Big Love

Robin’s Wish

by George Wolf

Even as we’re still reeling from the shocking death of Chadwick Boseman this past weekend, Robin’s Wish takes us back to August of 2014, when Robin Williams’s suicide sent similar shockwaves.

In the years since, Robin’s death has often appeared as a testament to the danger of chronic depression. But with this film, director/co-writer Tylor Norwood’s main goal is allowing Robin’s widow to correct the record.

Depression may have touched Robin’s life, but that’s not what ended it.

Susan Schneider Williams explains that an autopsy revealed that Robin suffered from diffuse Lewy body dementia, a buildup of proteins in the brain. Always fatal, the degenerative disease can cause anxiety, self-doubt, delusions, an intense lack of sleep, and drastic paranoia.

As sad as the ending is, Norwood and Schneider Williams make sure we see the genius of Robin’s talent and the “bigness of love” in his soul. The joy he took in bringing smiles to others is touching, as is the Robin and Susan love story that began when one of them (guess) wore camouflage pants to the Apple store.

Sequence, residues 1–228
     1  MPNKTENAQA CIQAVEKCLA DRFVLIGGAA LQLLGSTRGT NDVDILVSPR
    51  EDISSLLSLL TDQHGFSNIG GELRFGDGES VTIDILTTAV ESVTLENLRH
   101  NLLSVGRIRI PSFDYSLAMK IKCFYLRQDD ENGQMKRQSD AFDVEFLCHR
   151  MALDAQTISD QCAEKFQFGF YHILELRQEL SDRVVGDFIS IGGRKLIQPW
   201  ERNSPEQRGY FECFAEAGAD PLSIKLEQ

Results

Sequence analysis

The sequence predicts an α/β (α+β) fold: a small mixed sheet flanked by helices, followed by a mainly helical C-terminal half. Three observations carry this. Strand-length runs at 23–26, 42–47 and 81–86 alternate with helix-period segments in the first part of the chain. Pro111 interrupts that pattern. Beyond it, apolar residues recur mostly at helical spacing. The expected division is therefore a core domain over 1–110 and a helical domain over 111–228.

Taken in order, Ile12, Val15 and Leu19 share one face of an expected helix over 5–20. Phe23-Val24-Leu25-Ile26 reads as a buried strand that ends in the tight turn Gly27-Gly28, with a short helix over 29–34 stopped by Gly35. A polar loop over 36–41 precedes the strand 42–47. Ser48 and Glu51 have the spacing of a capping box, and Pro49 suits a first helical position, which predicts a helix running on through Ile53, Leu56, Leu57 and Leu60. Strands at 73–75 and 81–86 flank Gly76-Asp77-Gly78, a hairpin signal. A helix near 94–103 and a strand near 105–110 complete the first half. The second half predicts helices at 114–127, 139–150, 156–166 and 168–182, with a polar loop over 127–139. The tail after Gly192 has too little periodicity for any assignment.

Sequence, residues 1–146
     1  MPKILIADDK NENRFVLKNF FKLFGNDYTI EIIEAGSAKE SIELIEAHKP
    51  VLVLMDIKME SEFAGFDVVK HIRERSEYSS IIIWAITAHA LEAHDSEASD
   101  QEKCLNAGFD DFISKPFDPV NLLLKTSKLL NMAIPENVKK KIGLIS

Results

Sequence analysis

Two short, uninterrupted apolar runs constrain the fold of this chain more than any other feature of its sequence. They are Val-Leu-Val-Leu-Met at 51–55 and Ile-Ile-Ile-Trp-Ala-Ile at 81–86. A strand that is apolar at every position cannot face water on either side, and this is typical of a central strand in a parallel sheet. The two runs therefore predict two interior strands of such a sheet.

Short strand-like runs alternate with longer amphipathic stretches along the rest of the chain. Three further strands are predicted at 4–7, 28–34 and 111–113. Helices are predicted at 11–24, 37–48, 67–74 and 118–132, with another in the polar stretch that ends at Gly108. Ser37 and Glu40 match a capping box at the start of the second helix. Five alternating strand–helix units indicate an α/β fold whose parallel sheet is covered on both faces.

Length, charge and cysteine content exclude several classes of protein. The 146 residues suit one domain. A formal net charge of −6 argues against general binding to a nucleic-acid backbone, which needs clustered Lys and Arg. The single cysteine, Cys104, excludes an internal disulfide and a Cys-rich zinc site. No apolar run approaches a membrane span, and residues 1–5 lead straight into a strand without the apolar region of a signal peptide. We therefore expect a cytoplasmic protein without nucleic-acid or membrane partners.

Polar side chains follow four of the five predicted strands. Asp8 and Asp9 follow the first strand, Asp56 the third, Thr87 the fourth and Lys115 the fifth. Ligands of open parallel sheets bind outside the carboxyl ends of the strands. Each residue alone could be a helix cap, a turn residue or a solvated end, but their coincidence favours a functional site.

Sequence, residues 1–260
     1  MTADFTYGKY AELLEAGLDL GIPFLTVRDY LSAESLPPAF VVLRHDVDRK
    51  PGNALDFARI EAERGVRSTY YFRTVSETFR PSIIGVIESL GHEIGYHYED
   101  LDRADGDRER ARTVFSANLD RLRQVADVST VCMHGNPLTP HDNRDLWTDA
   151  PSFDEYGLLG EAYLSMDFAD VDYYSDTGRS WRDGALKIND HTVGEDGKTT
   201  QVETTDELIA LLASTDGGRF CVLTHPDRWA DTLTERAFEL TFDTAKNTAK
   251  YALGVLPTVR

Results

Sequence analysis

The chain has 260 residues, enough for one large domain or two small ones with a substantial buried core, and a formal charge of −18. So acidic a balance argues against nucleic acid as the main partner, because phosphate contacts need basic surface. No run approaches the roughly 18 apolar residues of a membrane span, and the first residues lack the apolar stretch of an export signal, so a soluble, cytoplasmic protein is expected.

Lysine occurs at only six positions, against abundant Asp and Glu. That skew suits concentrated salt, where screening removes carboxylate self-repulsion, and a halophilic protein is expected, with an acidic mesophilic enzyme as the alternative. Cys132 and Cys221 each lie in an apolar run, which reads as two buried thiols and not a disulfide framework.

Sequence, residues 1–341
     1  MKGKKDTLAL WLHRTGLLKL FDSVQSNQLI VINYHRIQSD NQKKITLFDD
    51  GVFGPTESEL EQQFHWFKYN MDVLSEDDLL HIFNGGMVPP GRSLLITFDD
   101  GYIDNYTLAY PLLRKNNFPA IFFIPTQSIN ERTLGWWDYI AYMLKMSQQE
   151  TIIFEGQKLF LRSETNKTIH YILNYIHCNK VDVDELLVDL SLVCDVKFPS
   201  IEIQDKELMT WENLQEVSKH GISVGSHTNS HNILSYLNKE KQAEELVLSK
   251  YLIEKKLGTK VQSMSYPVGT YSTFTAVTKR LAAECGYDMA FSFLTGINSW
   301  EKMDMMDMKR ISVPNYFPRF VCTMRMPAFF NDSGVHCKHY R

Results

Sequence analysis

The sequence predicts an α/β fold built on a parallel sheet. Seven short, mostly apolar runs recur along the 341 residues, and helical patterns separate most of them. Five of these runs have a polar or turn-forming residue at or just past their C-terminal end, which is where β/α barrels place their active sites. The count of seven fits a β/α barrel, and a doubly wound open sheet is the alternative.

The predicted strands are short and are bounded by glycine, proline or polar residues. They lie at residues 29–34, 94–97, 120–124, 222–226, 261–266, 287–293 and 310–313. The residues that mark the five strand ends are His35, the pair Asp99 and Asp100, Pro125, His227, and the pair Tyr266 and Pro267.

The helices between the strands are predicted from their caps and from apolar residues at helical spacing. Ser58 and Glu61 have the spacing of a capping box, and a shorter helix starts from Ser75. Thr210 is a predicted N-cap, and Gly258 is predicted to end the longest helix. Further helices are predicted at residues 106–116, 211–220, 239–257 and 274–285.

The film’s overview of Williams’s career is satisfactory but, for the most part, a rehashing of information. The really glaring hole here is the absence of any Williams family member beyond Susan. The reason for this is unclear, but outside voices would certainly have broadened the context.

But Robin’s Wish is indeed worthwhile for a more complete understanding of a legend. The final days of Williams’s life are re-defined with tenderness, clarity and purpose, framing a once-in-a-lifetime talent in an entirely new and tragic light.

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